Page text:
It’s calving time! (Cue the Semisonic lyrics. Anyone else think of It’s Closing Time? Just me? Mkay.) Thankfully it’s been a mild winter so calving this year hasn’t been that hard on the cattle or the guys. Last year there was so much snow and we had to bring many pairs into the barn to calve or right after calving, which is not ideal. It’s so much better for the cattle to be outside, having their calves on their own.
I really love when I get to jump in the truck and get to help Josh tag calves. Now technically he doesn’t need my help; he just wants my company. Or maybe it’s he just likes me to open the gates. LOL! ;0) Either way, I don’t mind. I enjoy spending time with him and getting out of the house, so I’m always game.
When tagging, one of us grabs the calf, flanks it down, then gives it two shots of vitamins and a paste to help boost it’s immune system. We also put iodine on its belly button to prevent infection, then comes the jewelry—better known as— the ear tag. The tag has the calf’s identification code, which is a combination of numbers and letters, based on what year it is and what number in the herd it is. We also put the sire and dam code on it. As the calves are growing and changing over the next several months, we can evaluate how those genetics are performing. The final task is weighing the calf. All this information gets recorded in the “little black book.” That is a very valuable book. All the calving information gets put in that book then typed into the computer. Shear panic ensues if that book is ever misplaced for even a minute! The cattle we raise are seedstock or purebred cattle, so keeping accurate records is very important. We are raising the parent stock that commercial beef producers buy to raise cattle that becomes the beef we eat. (On this particular day, we just had to re-tag this calf as he had somehow lost his first tag; therefore, I had a front row seat to the action.)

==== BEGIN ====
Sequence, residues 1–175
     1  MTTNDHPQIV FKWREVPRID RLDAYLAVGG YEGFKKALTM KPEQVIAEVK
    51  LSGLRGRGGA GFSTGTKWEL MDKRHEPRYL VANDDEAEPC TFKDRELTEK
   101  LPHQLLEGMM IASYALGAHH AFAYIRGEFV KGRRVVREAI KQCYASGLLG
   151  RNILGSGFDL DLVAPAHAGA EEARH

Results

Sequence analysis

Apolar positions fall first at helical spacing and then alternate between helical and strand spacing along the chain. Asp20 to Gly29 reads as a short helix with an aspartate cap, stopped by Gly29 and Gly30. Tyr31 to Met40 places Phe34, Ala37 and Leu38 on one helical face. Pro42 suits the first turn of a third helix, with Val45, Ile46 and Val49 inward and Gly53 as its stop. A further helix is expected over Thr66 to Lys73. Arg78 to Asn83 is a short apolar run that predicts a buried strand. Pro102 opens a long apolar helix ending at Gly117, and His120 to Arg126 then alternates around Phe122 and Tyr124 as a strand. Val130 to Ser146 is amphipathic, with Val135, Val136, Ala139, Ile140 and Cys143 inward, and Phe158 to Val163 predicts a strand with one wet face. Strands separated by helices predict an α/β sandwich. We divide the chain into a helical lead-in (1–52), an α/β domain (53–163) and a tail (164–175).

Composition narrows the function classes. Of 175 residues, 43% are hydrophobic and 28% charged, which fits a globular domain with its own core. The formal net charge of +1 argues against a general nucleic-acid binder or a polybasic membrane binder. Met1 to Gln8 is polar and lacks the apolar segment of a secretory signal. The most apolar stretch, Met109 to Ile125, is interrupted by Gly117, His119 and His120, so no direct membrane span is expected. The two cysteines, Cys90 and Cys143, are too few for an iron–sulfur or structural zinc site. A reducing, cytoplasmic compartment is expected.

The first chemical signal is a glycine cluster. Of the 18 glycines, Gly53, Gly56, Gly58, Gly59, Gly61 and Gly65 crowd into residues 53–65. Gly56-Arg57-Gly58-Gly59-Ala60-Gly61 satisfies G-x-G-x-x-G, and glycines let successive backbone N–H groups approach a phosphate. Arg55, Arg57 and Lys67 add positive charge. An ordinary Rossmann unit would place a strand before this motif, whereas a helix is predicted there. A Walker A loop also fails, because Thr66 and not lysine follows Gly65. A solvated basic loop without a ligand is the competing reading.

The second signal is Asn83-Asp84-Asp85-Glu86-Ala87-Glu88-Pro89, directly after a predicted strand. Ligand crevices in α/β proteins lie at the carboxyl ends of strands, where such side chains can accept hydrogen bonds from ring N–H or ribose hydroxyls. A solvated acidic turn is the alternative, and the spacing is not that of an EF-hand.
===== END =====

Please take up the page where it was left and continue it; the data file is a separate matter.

I jumped out of the truck to walk through the calves while Josh finished driving through the pasture. When he drove back up to get me, he said I better watch out for that cow. I guess she tried to get him when they tagged her baby earlier in the week. It’s one thing to be protective—we want our cows to take care of their babies—but we don’t like to keep cows that are mean or snarly. We’ll have to watch her more as she might be on the cull sheet after she weans her calf. Glad she seemed to be okay with me that day!
This calf was cracking me up. Momma was just trying to get a nap and he was climbing all over her! Reminds me of my kids some days when I’m in the middle of a task or fixing dinner. LOL! What a snuggly little guy! So cute!
Now you may be wondering why there is an all black calf nursing on a red and white momma. That Hereford cow is a recipient cow this year, meaning she had an embryo put in her last year at breeding time. When we have superior cows and we want to bring more of their influence into our herd, we use embryo technology to do that.
Calving time is one of our favorite times of the year! It’s rewarding to see the next generation of cattle to hit the ground.